Description of Class
This workshop examines the personal essay as a contribution to a greater cultural dialogue, digging into a myriad of forms including memoir, criticism, investigation, reflection, and the delicious and often messy ways that writers have blurred those lines between them. We’ll approach reading as inspiration, challenge, and treasure map: how can both classic and contemporary literary work be a guide in our own creative problem solving?
This six-week course, taught by Megan Stielstra (The Wrong Way to Save Your Life), pulls from both literary and oral storytelling traditions, engaging in writing and rewriting activities to get our stories out of the body and onto the page, encouraging risk and discovery and examining literary craft in new ways.
Students will build their own personal essay from gut-level inception to final draft, as well as laying the groundwork for an ongoing reading and writing practice that will sustain us without the support of a class?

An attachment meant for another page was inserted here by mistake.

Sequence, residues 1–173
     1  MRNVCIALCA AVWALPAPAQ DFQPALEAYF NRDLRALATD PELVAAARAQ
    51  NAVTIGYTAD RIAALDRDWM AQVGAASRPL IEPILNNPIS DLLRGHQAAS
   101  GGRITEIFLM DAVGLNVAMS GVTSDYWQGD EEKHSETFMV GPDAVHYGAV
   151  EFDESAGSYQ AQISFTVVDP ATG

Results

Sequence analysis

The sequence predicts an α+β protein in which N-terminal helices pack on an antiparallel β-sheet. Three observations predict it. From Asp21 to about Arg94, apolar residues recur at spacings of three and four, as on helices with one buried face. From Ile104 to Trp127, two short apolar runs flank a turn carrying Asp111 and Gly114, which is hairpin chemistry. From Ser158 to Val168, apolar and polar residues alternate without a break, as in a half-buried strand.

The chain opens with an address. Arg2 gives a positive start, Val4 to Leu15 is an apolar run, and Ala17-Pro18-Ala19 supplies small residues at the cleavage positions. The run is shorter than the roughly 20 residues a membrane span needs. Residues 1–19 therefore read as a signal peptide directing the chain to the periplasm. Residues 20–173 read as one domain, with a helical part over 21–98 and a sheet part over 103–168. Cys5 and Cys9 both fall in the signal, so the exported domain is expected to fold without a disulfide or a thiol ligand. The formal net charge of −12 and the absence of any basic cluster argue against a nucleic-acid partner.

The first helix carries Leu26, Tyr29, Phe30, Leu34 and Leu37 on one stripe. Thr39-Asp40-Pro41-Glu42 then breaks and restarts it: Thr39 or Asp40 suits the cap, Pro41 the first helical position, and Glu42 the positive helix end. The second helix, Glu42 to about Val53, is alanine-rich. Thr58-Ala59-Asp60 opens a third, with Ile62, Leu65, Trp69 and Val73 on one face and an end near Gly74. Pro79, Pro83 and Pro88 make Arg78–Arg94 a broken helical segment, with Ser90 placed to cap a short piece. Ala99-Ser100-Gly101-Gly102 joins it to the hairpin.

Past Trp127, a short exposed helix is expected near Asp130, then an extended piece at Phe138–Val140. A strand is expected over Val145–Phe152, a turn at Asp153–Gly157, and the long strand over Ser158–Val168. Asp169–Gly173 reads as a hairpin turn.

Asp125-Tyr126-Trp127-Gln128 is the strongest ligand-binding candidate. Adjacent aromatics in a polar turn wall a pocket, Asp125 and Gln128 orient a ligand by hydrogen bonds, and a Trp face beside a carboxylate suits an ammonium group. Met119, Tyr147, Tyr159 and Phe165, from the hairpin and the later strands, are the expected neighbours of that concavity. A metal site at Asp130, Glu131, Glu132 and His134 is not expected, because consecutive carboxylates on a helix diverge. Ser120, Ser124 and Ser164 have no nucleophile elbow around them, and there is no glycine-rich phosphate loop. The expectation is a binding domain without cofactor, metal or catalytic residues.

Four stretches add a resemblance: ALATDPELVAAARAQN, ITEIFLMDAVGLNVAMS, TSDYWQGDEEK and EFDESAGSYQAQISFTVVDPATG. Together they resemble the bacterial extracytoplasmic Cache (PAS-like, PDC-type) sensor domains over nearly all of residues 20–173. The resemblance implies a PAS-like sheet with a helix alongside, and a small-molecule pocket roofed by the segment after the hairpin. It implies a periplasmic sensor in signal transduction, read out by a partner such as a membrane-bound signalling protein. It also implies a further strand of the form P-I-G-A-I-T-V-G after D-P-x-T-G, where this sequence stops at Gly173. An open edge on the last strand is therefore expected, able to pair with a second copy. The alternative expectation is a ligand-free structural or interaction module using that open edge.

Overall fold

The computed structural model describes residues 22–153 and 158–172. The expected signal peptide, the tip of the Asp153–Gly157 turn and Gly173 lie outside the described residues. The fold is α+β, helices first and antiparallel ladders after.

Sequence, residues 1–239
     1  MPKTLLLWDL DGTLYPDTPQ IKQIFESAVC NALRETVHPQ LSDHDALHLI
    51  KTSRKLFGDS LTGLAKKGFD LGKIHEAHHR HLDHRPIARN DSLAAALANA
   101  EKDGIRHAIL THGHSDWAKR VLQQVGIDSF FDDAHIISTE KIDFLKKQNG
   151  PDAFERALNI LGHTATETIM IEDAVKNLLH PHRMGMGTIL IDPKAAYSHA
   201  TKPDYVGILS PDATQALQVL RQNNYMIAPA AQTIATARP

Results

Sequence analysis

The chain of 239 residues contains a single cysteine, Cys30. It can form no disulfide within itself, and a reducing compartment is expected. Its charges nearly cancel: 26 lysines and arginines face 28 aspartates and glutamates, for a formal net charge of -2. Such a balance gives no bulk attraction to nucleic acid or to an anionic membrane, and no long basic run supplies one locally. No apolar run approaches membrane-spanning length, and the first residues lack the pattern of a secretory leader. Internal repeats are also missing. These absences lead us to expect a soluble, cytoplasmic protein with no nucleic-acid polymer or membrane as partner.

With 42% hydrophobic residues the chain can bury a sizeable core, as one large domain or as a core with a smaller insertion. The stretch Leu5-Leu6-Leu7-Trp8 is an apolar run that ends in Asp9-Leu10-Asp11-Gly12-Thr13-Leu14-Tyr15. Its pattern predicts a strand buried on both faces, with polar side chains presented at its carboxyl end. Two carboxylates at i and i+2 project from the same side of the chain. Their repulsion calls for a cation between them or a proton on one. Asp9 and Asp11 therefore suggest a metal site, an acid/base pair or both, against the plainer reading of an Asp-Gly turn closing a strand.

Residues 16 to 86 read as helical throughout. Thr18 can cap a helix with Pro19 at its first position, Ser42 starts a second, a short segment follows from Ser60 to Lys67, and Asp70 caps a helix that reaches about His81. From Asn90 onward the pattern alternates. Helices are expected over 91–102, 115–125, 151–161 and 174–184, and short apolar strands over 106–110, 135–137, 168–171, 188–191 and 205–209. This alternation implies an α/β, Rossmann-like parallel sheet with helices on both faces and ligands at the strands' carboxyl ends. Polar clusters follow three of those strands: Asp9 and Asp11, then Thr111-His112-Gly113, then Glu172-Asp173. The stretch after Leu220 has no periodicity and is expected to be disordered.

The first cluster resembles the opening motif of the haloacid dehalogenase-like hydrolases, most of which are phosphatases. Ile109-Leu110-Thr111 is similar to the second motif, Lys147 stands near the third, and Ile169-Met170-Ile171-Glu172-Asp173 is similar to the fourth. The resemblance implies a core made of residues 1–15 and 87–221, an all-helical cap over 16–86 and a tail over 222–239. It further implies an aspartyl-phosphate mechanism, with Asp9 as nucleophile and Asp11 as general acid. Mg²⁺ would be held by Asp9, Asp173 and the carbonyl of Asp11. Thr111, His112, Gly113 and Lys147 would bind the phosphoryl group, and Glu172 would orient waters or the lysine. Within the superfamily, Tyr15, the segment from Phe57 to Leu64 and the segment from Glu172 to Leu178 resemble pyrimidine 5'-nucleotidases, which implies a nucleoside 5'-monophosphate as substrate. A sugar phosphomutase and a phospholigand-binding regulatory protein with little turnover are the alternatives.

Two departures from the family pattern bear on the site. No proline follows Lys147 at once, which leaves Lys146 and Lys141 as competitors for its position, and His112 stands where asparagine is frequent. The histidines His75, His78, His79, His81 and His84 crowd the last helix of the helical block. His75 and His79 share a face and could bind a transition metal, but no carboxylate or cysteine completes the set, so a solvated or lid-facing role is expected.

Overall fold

Week 1: The gut. What do you need to tell, the memories, experiences, frustrations, fascinations, and questions that live not in your head but your bones?
Week 2: The page. How the hell do we get it there?
Week 3: The bookshelf. How does our reading practice influence the rewriting process?
Week 4: The critic. What do we do with that voice in our head?
Week 5: The audience. There is a difference between the practice of writing and the choice of if and when and how to share that writing. How is the rewriting process influenced by a wider audience and the writers’ intended goals for the piece? We’ll also talk about the publication process, some nuts-and-bolts.
Week 6: The work. This is what it’s all about. A final class reading, along with discussion of how to keep it going on our own.